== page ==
Illustration of the the very beginning stages of an influenza infection. [CDC]
Illustration of the the very beginning stages of an influenza infection. [CDC]

Through the use of some powerful bioinformatics techniques, a team of European researchers has designed two new universal flu vaccines based on an array of epitopes from the influenza virus. The investigators predict that their vaccine design could provide protection for up to 88% of known flu strains worldwide in a single shot—potentially ending the winter flu season.   

“Every year we have a round of flu vaccination, where we choose a recent strain of flu as the vaccine, hoping that it will protect against next year's strains,” explained co-author Derek Gatherer, Ph.D., lecturer of biomedical and life sciences at Lancaster University, U.K. “We know this method is safe, and that it works reasonably well most of the time. However, sometimes it doesn't work—as in the H3N2 vaccine failure in winter 2014–2015—and even when it does it is immensely expensive and labor intensive. Also, these yearly vaccines give us no protection at all against potential future pandemic flu.”

The researchers have devised two universal vaccines: a USA-specific vaccine with coverage of 95% of known U.S. influenza strains and a universal vaccine with coverage of 88% of known flu strains globally. The USA-specific vaccine was generated because the bioinformatic tools that the researchers used (EPISOPT) are able to make predictions for the five main ethnic groups in the U.S. (Black, Caucasian, Hispanic, Asian, and native North American), allowing for diverse genetic background of coverage.

“We designed two epitope ensemble vaccines comprising highly conserved and experimentally verified immunogenic influenza A epitopes as putative non-seasonal influenza vaccines; one specifically targets the US population and the other is a universal vaccine,” the authors wrote. “The USA-specific vaccine comprised 6 CD8+ T cell epitopes…and 3 CD4+epitopes…. The universal vaccine comprised 8 CD8+ epitopes…and the same 3 CD4+epitopes.”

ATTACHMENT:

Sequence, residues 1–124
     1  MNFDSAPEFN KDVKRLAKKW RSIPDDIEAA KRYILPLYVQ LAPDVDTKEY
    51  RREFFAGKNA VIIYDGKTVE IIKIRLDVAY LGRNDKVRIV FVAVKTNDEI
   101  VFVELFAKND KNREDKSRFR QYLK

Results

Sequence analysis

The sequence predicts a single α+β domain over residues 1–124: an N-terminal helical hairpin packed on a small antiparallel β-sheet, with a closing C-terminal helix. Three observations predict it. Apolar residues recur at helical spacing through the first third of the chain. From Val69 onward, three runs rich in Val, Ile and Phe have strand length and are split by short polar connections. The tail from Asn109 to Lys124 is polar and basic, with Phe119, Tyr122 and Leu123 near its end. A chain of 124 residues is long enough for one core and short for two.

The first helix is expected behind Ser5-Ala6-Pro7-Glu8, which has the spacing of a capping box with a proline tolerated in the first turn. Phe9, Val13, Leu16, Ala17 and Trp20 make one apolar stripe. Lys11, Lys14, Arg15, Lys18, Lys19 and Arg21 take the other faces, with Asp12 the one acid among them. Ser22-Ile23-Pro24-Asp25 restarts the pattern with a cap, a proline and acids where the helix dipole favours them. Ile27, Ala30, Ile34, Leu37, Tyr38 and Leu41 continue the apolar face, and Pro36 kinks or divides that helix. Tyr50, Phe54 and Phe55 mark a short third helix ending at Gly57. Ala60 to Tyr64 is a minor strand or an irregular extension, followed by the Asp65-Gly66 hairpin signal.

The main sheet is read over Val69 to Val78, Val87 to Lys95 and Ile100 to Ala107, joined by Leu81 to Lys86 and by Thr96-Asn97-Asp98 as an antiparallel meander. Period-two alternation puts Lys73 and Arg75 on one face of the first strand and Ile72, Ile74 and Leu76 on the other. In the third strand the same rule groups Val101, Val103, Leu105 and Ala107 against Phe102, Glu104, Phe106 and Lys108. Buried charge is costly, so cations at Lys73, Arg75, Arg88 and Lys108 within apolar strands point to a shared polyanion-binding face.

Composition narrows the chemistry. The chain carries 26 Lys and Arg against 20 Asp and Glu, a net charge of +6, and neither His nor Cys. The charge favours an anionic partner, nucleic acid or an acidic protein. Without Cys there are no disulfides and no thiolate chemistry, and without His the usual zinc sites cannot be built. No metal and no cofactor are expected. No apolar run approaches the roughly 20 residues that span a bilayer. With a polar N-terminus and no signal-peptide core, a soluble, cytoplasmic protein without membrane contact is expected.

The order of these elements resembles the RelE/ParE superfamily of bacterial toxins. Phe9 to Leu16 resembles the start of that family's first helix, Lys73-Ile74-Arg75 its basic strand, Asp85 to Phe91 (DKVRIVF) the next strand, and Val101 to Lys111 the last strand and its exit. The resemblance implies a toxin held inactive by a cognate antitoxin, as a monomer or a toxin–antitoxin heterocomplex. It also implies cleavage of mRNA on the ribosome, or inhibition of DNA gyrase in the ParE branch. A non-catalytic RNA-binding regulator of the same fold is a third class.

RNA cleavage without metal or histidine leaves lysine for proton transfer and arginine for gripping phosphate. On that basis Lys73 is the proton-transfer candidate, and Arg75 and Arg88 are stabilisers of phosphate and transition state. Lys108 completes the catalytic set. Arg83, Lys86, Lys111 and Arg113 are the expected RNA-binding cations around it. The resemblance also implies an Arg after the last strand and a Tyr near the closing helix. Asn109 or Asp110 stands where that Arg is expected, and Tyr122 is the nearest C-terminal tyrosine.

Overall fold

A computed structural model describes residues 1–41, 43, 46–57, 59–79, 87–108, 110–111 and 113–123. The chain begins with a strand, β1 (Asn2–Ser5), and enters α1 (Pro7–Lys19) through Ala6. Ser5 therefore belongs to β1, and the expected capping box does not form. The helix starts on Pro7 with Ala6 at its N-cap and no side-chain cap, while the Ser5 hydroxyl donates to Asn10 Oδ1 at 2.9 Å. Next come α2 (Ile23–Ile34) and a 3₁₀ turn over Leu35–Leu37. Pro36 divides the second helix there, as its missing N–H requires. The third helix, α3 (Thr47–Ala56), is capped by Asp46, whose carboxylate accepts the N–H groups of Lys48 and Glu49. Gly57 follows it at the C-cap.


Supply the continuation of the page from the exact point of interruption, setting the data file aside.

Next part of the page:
Transmission electron micrograph (TEM) depicting the ultrastructural details of an influenza virus particle. [CDC]
Transmission electron micrograph (TEM) depicting the ultrastructural details of an influenza virus particle. [CDC]

The findings from this study were published recently in Bioinformatics in an article entitled “Towards the Knowledge-Based Design of Universal Influenza Epitope Ensemble Vaccines.”

Universal flu vaccine work is immensely important as global pandemics are always looming on the horizon. Previous pandemics include the “Spanish flu” of 1918 and the two subsequent pandemics of 1957 and 1968, which led to tens of millions of deaths. Even today, the World Health Organization says that annual flu epidemics are estimated to cause up to half a million deaths globally.

“It doesn't have to be this way,” Dr. Gatherer proclaimed. “Based on our knowledge of the flu virus and the human immune system, we can use computers to design the components of a vaccine that gives much broader and longer-lasting protection.”

“A universal flu vaccine is potentially within reach,” added co-author Pedro Reche, Ph.D., associate professor of Immunology at Complutense University, Madrid. “The components of this vaccine would be short flu virus fragments—called epitopes—that are already known to be recognized by the immune system. Our collaboration has found a way to select epitopes reaching full population coverage.”

The research team is now actively seeking partners in the pharmaceutical industry to synthesize their vaccine and begin the necessary preclinical trial experimentation for proof-of-principle.

“Epitope-based vaccines aren't new, but most reports have no experimental validation,” concluded senior study investigator Darren Flower, Ph.D., a reader in pharmacy at Aston University. “We have turned the problem on its head and only use previously-tested epitopes. This allows us to get the best of both worlds, designing a vaccine with a very high likelihood of success.”

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